- 3sat: 3sat is another public broadcaster and broadcasts cultural documentaries. The programming is in standard German or Austrian standard German, depending on what you’re watching. A great resource if you’re interested in gaining a better understanding of the different dialects across German speaking countries. You may need a VPN to watch this channel if you are outside of Central Europe.
- Sesamstrasse: This is an interactive learning resource, which features classic videos from the German version of Sesame Street. Learn the German Alphabet, count apples with GrafZahl or sing along to ‘Magst du mich?’ with Ernie and Bert.
- Verbotene Liebe: Verbotene Liebe or “Forbidden Love” is a German soap opera that began airing in the mid-1990s. The show is set around Düsseldorf and Cologne and focuses on two families: the well to do Anstetten family and middle-class Brandner family. The storylines range from humorous to downright bizarre. It was unfortunately cancelled a little while ago due to a dip in ratings, but over 4000 episodes aired during its twenty-year span – more than enough material for any German language learner!
- Streema: Streema features links for live-streamed German TV channels around the web. Try searching for Austrian and German-Swiss channels as well.
Watch German Movies
Here are some websites I use to watch German films:
- The Vore: This page links to a selection of legally viewable films in German.
- SBS: SBS is Australia’s multicultural and multilingual broadcasting channel, which streams movies in many different languages.
German Resources: News
News anchors and journalists usually have clear pronunciation, which makes news channels an excellent resource for improving your listening skills. It will also keep you up to date on both national and international topics.
- Deutsche Welle: This channel is Germany’s international news broadcaster and streams TV in many languages, including German. They feature run-of-the-mill news coverage as well as programmes.
- Slowly Spoken News: Deutsche Welle also provides a Monday-Friday podcast of news in German, spoken slowly and clearly. Each recording comes with a transcript that you can read as you listen to the audio recording.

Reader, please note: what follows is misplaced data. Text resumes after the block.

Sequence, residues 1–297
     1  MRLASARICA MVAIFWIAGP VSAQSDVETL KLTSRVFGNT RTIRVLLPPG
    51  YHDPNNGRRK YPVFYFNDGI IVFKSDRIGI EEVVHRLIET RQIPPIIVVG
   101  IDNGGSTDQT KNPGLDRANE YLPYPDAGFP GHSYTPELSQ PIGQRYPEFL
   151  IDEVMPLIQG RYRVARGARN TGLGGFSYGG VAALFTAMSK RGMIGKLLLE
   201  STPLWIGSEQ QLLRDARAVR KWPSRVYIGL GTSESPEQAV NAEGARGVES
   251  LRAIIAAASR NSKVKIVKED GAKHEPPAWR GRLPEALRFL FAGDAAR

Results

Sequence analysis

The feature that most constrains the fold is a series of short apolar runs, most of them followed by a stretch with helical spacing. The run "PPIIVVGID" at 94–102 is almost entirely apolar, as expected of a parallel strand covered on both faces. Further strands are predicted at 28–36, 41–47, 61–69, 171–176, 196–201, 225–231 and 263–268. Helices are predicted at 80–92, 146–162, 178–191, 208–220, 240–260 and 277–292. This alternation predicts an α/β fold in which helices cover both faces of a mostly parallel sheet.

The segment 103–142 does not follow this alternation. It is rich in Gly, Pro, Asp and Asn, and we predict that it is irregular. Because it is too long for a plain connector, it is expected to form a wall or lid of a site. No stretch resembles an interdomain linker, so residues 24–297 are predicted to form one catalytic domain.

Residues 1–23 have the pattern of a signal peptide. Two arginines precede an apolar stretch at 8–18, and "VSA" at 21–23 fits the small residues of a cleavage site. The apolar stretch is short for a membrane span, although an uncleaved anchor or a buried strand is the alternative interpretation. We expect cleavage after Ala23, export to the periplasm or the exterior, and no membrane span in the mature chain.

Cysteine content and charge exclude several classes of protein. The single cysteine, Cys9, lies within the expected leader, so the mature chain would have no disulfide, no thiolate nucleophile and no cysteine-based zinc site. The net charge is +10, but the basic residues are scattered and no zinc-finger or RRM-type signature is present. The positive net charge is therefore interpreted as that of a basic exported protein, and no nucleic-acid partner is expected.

- B5 Aktuell: B5 Aktuell is a news based radio station that you can stream online.
- Deutschlandfunk: This is a public broadcasting news radio station with an emphasis on cultural affairs.
- NDR: A German broadcaster set in the north. Perfect to listen to if you are interesting in gaining a scope over a wide range of German news.
No matter what your interests – sport, comedy, a specific genre of music, there is almost certainly a German radio station out there that will have a show dedicated to that topic.
Radio varies quite a lot from city to city. This will give you a good sampling of the wide variety of accents across each German-speaking country.
- Deutschland.fm: An online directory for radio stations all over Germany.
- Listenlive.eu Listenlive.eu has a list of online radio from around Germany, with additional notes on the type of music each station tends to favour.
- Deutsche Welle: Deutsche Welle is a name that keeps coming up on this list! This company has a gigantic online media library. With cultural programs, music, language learning podcasts and news, there is something there for any language learner.
- FluxFM: A radio station for all the die-hard indie fans out there.
- Klassik Radio: If contemporary music isn’t your thing, this radio station offers a range of classical music.
Where words fail, music speaks. – Hans Christian Andersen
Across countries and cultures, people turn to music to help them express the words that they often have trouble saying.
A go-to German music playlist would not only improve your listening skills – it will give you a unique insight into the culture and views of the native speakers of this language.
Use these resources to find German music for free online:
- Last.fm German: This site recommends popular German music and allows you to download mp3 files.
- Surf Music: Surf Music is a German online radio directory. It has a list of stations all over Germany as well as across the globe.
- TuneIn Germany: Click on your German city of choice to see available radio stations based there.
- Spotify: Use Spotify to look up the German Top 100 Single Charts, which features a mix of English and German songs.
- 8tracks German Playlist: A site where people can create German playlists to upload.
Podcasts are an excellent resource for language learners. This is because they force you to improve your listening skills, since there are no visual cues to rely on as with television.
The following podcasts are directed towards German language learners.
- GermanPod101: Comprehensive German lessons for all skill levels.
- Coffee Break German: Learn German through short podcast episodes about the length of a coffee break.
- Slow German Podcast: Annik Rubens is the pseudonym of a journalist living in Munich. This is a podcast about day-to-day life in Germany that she created as a hobby. Slow German has videos for beginners presented in English, with explanations about important German phrases and words. She also narrates episodes in German, but at a slow enough pace so that intermediate learners will understand.
- Deutsch – Warum Nicht?: This audio course tells the story of a journalism student called Andreas, who works at a hotel. The course is structured to cover A1-B1 of the CEFRL, making it perfect for both beginners and the more advanced.
- Radio D: “Radio D” reporters Paula and Philipp travel across Germany to investigate strange cases. Each episode is a lot of fun, featuring the two German-speaking detectives, an English narrator and plenty of amusing sound effects.